Limit acidic foods and drinks, use a straw, drink water afterward, and wait at least 30 minutes after consuming acids to brush.
Dr. Susan R. Pan, DDS, is a highly qualified dentist with a long-standing engagement in the field since 1986. She was a recipient of the Dr. Gerald Z Wright Award for graduating first in her class at Schulich School of Medicine & Dentistry, University of Western Ontario. Additionally, she worked as a clinical instructor for new dentists at the University of Western Ontario’s School of Dentistry and graduated from the Dental School of Sun Yat-Sen University of Medical Sciences. Dr. Pan has received recognition for her exceptional work, as she was consecutively awarded the Diamond Winner for the Readers’ Choice of their Favorite Dentist by the Hamilton Spectator in 2014 and 2015, and was nominated for the same title multiple times in 2007, 2010, 2014, 2015, 2016, and 2017.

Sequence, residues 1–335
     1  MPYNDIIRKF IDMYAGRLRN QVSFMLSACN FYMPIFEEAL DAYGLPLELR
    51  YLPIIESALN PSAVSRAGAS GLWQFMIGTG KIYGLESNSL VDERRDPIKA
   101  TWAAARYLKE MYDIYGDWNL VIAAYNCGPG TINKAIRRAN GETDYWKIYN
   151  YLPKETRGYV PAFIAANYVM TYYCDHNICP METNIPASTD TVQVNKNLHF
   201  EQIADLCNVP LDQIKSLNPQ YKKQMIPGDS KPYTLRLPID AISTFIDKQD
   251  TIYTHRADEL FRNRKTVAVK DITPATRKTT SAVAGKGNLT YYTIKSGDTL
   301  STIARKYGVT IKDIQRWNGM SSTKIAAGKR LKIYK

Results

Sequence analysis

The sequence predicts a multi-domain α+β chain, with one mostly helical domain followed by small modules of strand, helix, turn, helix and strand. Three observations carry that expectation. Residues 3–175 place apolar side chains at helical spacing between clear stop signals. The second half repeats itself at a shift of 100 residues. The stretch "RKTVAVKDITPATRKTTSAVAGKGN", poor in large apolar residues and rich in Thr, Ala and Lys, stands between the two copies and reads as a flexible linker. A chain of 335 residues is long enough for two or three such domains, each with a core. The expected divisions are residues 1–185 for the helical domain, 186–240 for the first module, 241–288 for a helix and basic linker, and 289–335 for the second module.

Some people may experience increased saliva production initially, but it typically subsides as you get used to wearing the aligners.
You can use a tongue scraper with porcelain veneers, but be gentle to avoid dislodging the veneers.
Porcelain veneers do not typically require special precautions during dental procedures like x-rays. Inform your dentist of their presence for proper care.
Consider needs like fighting plaque, gum health, fresh breath, or fluoride content. Look for ADA seal and consult with a dentist.
Dietary habits which include very hard or fi brous foods. In moderation this is not a concern, but an excessive habit of eating particularly abrasive foods can lead to tooth abrasion. Examples of this would be sunfl ower seeds, certain grains and nuts.
Dental products come in a wide range of abrasiveness. Because exposure to abrasive toothpastes occurs on a daily basis, it is important to select products that will minimize the abrasive risk to your teeth.
Examples include toothbrushes with excessively hard bristles and some toothpastes that contain highly abrasive particles.
Dental x-rays use very low radiation levels and are considered safe. They’re essential for diagnosing certain dental conditions not visible to the naked eye.